Most people today think nothing of knowledge and take it for granted because they think it is easy to gain. In fact, many young adults tend to resist gaining knowledge and would rather entertain themselves with games, television or partying. However, authors Ray Bradbury and Stephen Vincent Benet would pity their indifference. In science fiction story, Fahrenheit 451, Bradbury tells the story of Guy Montag whose search for meaning and knowledge leads him to make difficult decisions throughout his journey. In “By the Waters of Babylon” a science fiction story, a boy, John, discovers the truth while on a journey to become a man. Both stories teach an important lesson about gaining knowledge, that it cannot be gained passively-it requires sacrifice. Primarily, both stories show that the cost to gain knowledge is to lose part of one’s old self. In Fahrenheit 451, we see the main character, Montag, doing actions that require him to abandon his old routines. He had to give up his job, his wife, and his house to gain the books and knowledge he so desires. Bradbury quotes Montag in his description stating, “You want to give up everything? After all these years of working, one night, some women and her books-,” (page 51). This quote shows that Montag wants to quit his job just for the sake of gaining books and finding knowledge so he can be happier. This is necessary to gain knowledge because it shows how he had to abandon of all the stuff he did over so many years because he can’t gain knowledge with the other luxurious life right in front of him. He needed to let it go so he won’t go back to it. Montag did not quit his job at that point (but did later) because of opposition from his wife, Mildred, but learned that he had to let go of Mildred because she did not want to gain knowledge. Similarly, “By the Waters of Babylon” is like Fahrenheit 451 when approaching this idea of losing part of one’s old self. John, the main character is on a journey to become a man. He wants to gain knowledge and truth. He must go to a forbidden land where the Gods used to live, but soon finds out that they were men before his time. Benet mentions John in the following quote, “It is not for the metal alone we go to the Dead Places now—there are the books and the writings. They are hard to learn. And the magic tools are broken-but we can look at them and wonder. At least, we can make a beginning,” (page 509). This is when John finds out the truth and decides to abandon his old life. He finds this necessary because he knew the truth and knew that he can no longer follow his old life because it wasn’t true. He wants to make a new beginning and begin right where the “gods” left off but more slowly. He wants it slowly because he knows that too much knowledge will eat anyone up. All in all, both stories show that losing part of one’s old self is necessary in order to gain knowledge. Without doing so, the journey will be more difficult. In addition, one must take risks in order to gain knowledge.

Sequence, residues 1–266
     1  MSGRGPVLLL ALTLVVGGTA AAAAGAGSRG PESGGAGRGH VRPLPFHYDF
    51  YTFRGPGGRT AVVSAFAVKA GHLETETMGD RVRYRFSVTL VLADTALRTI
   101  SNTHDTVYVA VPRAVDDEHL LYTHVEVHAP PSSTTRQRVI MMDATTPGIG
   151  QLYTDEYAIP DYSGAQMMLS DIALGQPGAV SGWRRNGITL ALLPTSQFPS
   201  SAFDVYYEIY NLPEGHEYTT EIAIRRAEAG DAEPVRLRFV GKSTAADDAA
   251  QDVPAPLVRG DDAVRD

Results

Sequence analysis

not finished lost other part